Won't the DDR take "50 to 150 cycles" to service each request? Or is there some sort of pipelining going on, where the DDR can take a request every 10 cycles but have a whole bunch of queued requests in flight?
Actually, that's pretty much exactly how it works. If you have a bunch of independent requests to DDR—and by independent, I mean that the processor(s) do not stall waiting for the information from one request in order to make the next—then you can get multiple requests in flight and they can pipeline. Streaming works this way, for example. The STREAM benchmark is a textbook example of a benchmark dominated by throughput, where all the accesses are independent. For example, a[i] = b[i] + c[i] does not depend on a[i - K] = b[i - K] + c[i - K] or a[i + K] = b[i + K] + c[i + K] for any value of K in STREAM's "Add" loop. All four loops of the benchmark have that character. So as long as the processor can get enough work in-flight, it can get multiple cache misses outstanding to DDR. And if one processor and its caches have limited ability to 'execute ahead' like this, multiple processors (or multiple independent threads on the same processor) acting independently can fill in those gaps.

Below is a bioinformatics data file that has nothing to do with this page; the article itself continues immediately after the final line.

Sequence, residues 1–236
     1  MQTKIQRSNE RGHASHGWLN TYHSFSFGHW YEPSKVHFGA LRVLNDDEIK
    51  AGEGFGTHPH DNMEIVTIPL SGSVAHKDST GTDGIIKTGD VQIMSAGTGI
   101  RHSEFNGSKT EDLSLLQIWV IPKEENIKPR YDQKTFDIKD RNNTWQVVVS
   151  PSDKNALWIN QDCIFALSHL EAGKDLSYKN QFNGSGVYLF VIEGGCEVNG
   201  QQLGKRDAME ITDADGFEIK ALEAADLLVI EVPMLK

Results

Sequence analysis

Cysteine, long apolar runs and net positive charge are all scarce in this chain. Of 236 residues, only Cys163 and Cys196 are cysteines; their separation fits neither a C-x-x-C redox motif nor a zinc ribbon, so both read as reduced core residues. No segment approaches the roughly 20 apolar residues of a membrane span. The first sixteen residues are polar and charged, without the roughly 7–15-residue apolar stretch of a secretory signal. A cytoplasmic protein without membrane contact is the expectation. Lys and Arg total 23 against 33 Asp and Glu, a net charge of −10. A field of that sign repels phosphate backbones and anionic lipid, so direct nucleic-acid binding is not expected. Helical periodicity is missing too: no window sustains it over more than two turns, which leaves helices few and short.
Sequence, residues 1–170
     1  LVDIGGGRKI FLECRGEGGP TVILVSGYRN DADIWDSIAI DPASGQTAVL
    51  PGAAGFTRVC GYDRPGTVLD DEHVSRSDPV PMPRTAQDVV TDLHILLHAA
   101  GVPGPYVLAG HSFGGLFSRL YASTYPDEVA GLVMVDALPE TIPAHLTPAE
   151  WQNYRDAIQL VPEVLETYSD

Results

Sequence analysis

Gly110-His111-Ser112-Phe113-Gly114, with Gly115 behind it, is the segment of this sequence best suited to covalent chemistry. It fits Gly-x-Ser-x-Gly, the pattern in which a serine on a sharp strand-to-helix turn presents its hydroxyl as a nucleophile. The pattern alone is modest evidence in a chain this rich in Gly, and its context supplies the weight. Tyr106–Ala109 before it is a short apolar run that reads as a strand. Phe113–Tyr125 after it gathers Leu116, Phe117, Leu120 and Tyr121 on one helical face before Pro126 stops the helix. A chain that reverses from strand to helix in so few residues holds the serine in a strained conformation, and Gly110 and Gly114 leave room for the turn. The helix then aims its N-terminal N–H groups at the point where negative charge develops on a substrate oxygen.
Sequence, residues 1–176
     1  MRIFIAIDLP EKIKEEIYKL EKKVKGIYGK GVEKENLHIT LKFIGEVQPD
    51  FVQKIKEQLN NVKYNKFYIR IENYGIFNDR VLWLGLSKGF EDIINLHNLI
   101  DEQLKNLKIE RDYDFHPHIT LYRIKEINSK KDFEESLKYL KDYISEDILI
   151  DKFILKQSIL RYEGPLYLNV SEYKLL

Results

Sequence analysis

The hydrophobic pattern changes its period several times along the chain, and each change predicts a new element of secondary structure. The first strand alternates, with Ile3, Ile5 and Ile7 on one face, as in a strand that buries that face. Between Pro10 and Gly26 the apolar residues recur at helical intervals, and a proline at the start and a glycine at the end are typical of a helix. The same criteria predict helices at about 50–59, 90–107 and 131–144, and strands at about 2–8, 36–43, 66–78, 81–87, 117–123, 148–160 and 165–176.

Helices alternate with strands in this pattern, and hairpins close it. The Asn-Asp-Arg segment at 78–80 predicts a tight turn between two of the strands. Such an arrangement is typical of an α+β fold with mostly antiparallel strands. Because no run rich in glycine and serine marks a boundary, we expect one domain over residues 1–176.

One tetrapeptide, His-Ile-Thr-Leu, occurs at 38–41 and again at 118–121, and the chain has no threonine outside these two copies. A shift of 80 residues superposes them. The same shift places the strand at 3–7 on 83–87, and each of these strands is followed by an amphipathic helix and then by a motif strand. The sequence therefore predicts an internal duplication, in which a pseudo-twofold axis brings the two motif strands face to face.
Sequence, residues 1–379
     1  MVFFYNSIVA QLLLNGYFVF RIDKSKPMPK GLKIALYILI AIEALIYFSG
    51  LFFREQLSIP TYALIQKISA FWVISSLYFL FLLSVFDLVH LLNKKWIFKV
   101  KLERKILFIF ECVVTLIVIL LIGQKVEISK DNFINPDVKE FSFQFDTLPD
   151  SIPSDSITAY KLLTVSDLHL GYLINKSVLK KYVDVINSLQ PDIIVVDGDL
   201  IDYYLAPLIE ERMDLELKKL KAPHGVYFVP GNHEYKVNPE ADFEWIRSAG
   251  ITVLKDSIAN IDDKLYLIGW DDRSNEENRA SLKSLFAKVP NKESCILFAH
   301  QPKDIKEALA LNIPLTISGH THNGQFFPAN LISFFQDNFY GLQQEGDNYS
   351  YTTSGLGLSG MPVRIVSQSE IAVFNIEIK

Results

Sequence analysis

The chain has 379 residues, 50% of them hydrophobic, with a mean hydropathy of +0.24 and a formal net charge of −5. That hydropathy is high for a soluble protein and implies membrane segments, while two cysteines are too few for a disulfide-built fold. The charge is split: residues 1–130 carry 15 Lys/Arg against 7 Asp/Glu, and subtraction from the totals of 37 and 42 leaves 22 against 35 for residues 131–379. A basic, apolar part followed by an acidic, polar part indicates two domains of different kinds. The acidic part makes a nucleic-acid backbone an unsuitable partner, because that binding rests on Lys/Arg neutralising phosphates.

Linked list traversal results in a series of requests that are all dependent on each other. If all the requests miss the caches and must go out to DDR, then the CPU's performance is bounded by the round trip latency to DDR, not the DDR's throughput. Take a look at the linked list benchmarks in Ulrich Drpper's paper, "What Every Programmer Should Know About Memory." (Specifically, go down to section 3.3.2 on page 20.) Pay particular attention to Figure 3.15, Sequential vs. Random Read (for a single thread), and also compare to Figure 3.21 which shows multi-threaded random accesses for 1, 2, and 4 threads.
The paper might be a little old (it uses a Pentium 4 for its benchmarks, after all), but the principles remain true. I should know... part of my day job is as a memory system architect.